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Lethbridge Herald Newspaper Archives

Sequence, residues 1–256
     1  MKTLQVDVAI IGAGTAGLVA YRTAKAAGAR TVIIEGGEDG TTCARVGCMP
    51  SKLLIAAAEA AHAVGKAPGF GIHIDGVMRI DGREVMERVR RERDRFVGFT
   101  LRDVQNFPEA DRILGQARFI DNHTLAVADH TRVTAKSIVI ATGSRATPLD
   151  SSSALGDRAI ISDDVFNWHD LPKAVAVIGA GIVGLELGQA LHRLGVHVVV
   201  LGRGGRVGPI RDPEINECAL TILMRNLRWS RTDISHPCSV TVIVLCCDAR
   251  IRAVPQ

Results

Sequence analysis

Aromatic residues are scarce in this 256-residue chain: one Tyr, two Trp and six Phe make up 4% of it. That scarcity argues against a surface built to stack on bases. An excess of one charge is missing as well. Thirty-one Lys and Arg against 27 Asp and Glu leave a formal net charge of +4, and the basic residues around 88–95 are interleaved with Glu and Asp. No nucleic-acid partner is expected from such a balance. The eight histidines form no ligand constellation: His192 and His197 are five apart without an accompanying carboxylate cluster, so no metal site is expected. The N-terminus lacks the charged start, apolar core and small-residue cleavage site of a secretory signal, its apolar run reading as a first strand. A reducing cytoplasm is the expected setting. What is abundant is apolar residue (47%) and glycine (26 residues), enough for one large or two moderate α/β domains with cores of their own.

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Lethbridge Herald, The (Newspaper) - June 16, 1972, Lethbridge, Alberta LB THE IFIHBRIDGE HERAID Ffiday, June io, quotations Vancouver Calgory ll by Dolicrly. McCuoig Limited) LAST BID OK SALE s.m. QuotejJ a.m. Quotes) a.m. WESTERN OILS Hugh Russell 29.35 Mutual Ac i.SO Almfnex 5.35 Husky Oil Aflulual Gr F j.5? 607 A la- East Gas 6.65 Husky Oil B -13.00 Nat Res 7.U 7.84 Asamera 17.7S Husky Oil War J.OO N W Fin Ashland 11.62W tnter Prov P pe 14.50 N W Gr BP Oil Gas 5. IS Inter Prov Steet 17.50 I'rTnclpal Gr 5.16 S.6f Can Soulh Kahcr Res 3.M Roylund 6.67 6.94 Cdn Ex Gas 3.55 Pacific Pele Temp Gr 7.14 7.80 Cdn Homeslrf Rainier 6 75 Unifed Ac 5.J9 (.03 Cdn Ind Gas Oil 10.50 Teledyne Universal Sav 8.12 8.97 Ctfn Super West Cdn Seed 6.50 Vanguard 10.16 11.13 Cdn Long Is .55 While Yukon 12.00 Cmnw Vent 7.71 B.47 Charter J.50 WesHfelrt '-31 VANCOUVER Chief Fan 8. JO CALGARY MINES )ome Pete 41.00 Ac roll .50 Aflon 1T.3! G Plains 30.50 Darcns Oil -03Vj Bath Norse .95 Gt Ctfn Oil 6 15 Madison .17 Brcnda 5.00 Lcchiel North Cent -02 Brycon 'Jorlh Cdn Oil 5.10 West Warner .42 ChurchiU Copper .AS Numac 14.75 PIPE LINE STOCKS Croyden 11 Panctfn Pete Alia Gas A 53.50 Davenport 1.92 Pan Ocean 11.50 Alia Gas Pfd 7I.5O Dankoe- .78 Petrel 1.20 Alia Nat Gas 20.7S Dtlly VarcJen .38 3innac1e .43 Inland Nat Gas 1 6.37 'A Dynasty 10.25 ?lace Gas .90 N and C Gas 12.75 Equitcria! 35 Ponder .SB H and C B Pfd 26.00 Fort ReMance .-12 Ranger 1B.25 Pacific Trans 13.03 Giant Mascot 5.C5 Scurry Rain 15-f) rat Metro Granisle 8.60 Spooner .63 Trans Cda Pipe JJ.01 Lornox g.JS SDlbens 10.25 Trans Cda B 40.75 Lyltcn Minerals 2.15 Total Pete 6.5S Cda A 8200 Primer Every once in a while the Ca-ladian tax courls ci e 1 i v e r much-needed lessons in business morality. On one occasion, the tax ap-ieal board gently slapped the vrists of acompany that laimed certain gifts to chari-ios in excess of the deductable imits should be allowed as o t io n a 1 expenses, because making these "charitable" con-ributions was good for business." The board delivered a solemn eclure to the taxpayer, full of 3iblical quotations, reminding lim of the tnie nature of cfiar-ly. In good conscience the board couldn't accept a in busi ble deduction wlicre there had been no real charitable Intent. On another occasion, the taxpayer's dilemma was mainly Because of the meat. The taxpayer was an Ontario meat wholesaler. In the period rom 1902 to 1964, he claimed deduction from income of about to cover under-the-table cash payments he allegedly made to meat buyers and chefs of restaurants he supplied. Naturally there were no receipts. Here's how it worked. According to the evidence, the supplier had more than 40 hotels and restaurants he called on regularly. Each year the chefs and buyers would be given mo new bills at Christmas, In he hope that this would influence them in keeping their company's business with the taxpayer. He testified that this was necessary in order to keep him competitive. CHEFS REWARDED On top of that, he rewarded about a half-dozen restaurant chefs who would supply him with vital informaloin. For a dckback pro rala to business received, they'd tell him what ils competition was quoting so te could meet the price. So much lor Iree enterprise. The arrangement was that if ic met the lowerst price per standard cut of meat, the chef would recommend that his bid is accepted. Then the chef would get a cash payoff equal to one per cent of each month's purchases from the taxpayer's company. Naturally all payments were in cash and for obvious reason, again no receipts. Not unexpectedly, the taxpayer's business flourished. Lest one be tempted to turn in all his credit cards and return to the noisy family dinner table, there was a brighter side. The taxpayer assured the court that there was always a gentlemen's agreement b e t w ee n payoffer and payoffee that notwithstanding this unseemly arrangement, the quality of supplies would not suffer. And if this assurance weren't enough to establish the honor of this practice, the court was offered ample evidence of the taxpayer's integrity when he refused to identify the recipients of his bounty. He explained that no lists were kept because "if the owners (of the restaurants) knew of such things, you would be out of business. To show why he couldn't possibly keep records of these outlays, the taxpayer's chief witness revealed how in one case he'd lost a substantial customer because the chef had been so eager to qualify for larger kickbacks, he began ordering meat far in excess of his employers' requirements. The chef was dismissed, and the taxpayer losl a valued customer. NO RECEIPTS After digesting this abbreviated version of "how to succeed in business without really the court turned its attention to a number of unsupported expenses the taxpayer claimed had been realized in entertaining potential customers. Again, no receipts. On top of that, the taxpayer had attempted to claim travelling expenses as Here, too, there weren't receipts or other evidence of the business nature of the alleged expenditure. The minister of national revenue unceremoniously refused to allow any of these items as valid business expenses other lhan 50 per cent of the alleged travelling costs. Before running up the flag for morality in tax law, it must be said that the revenue department's action was taken not because of the impropriety of the expenses, but rather, because Ihe taxpayer couldnt' prove they'd actually been laid out. The tax office has never presumed to be anyone's conscience and the law is quite clear, to the surprise of many, that illicit payments, bribes, payoffs and the like are quite permissible tax deductions, if one can prove he's made them. This principle has been restated in many cases to support de-ductibility of payments by prostitutes to procurers, lobbyists to politicians, suppliers to buyers and the like. The only test the law applies is: Were the payments really made, were they necessary oi earn income for the taxpayer, and were the amounts reasonable in relation to the income earned? In this case, W. 0. Davis rendered the board's judgment. He ruled that where any deduction is claimed it must be supported by a voucher or receipt. When this can't be produced, then disregarding the propriety of the payment, which is irrelevant in tax law, the onus is heavy upon the taxpayer to prove in some objective fashion that the payments were actually made. After that it becomes a question of whether or not and to what extent the amount paid s reasonable. Only the reasonable amount is deductible. In this case, the board ruled that no deduction was allowable. Mr. Davis made the point that because the taxpayer did his business in a dubious way, he could not expect his word to be taken at face value without any external corroborating evidence. Mr. Davis Is to be admired for his restraint. The kickback is one of the most insidious ornaments of the business world. One can't help wondering why something that's a blot on the entire system should be blessed with tax deducibility even when it is properly proved. In this case justice and the law, often strangers, were happily united. (Mr. Asper is a Winnipeg Decline b upward t TORONTO (CP) Prices on the Toronto stock market were mixed to fractionally lower in moderate mid-morning trading today. The decline interrupted four consecutive advancing sessions. The industrial index was down .26 to 209.54. Golds were up .14 to 209.W, base metals .56 to 96.32 and western oils .25 to 236.19. Volume by 11 a.m. was shares, down from at Ihe same time Tliurs-dav. Banking, industrial jnining, oil refining, general manufacturing and steel stocks moved moderately lower while communication, pipeline, merchandising, food processing and chemical issues scored gains. Dome Pete dropped 1 to Sherritt to Imperial Oil to Murritt Photofax to and Asbestos Corp. Vt to Canadian Tire A was .down ft to Seagrams Vt to Falconbridge Vz to General Distributors Vs to ?275s and General Motors 1 to Kelsev-Hayes rose 'A to Pacific'Pete Vj to tt, rend ?s to Thomson Newspapers to Placer Hi to 41% and Pan Ocean Vi Io MONTR EAI, MONTREAL (CP) Prices ased back today in light trad-ng after a week of impressive advances on tlie Montreal stock market. Industrials declined .31 to 19.87, banks .54 to 24S.99 and the composite .21 to 21.33 while utilities were up .25 to 164.37 and papers .06 to 87.20. Combined volume on the tlontreal and Canadian stock exchanges was shares at 11 a.m., compared with at the same time Thursday. Metropolitan Stores rose o Andres Wines Ks to -Rapid Data lis to W, 'acilic Petroleum to Premitr Cablevision K to and Quebec Telephone li to Falconbridge Nickel was off 1VERINTENDENT hove experience in highwoy ch as: aggregate value MONTREAL (CP) U.S. dollar in terms of Canadian funds up 1-16 to 0-16 today. Pound sterling down Ta to Key locks radio close Thursday. Jly 37.40N; Scp Box No. brocket. AFC stops fadi Reg. volume: SU ;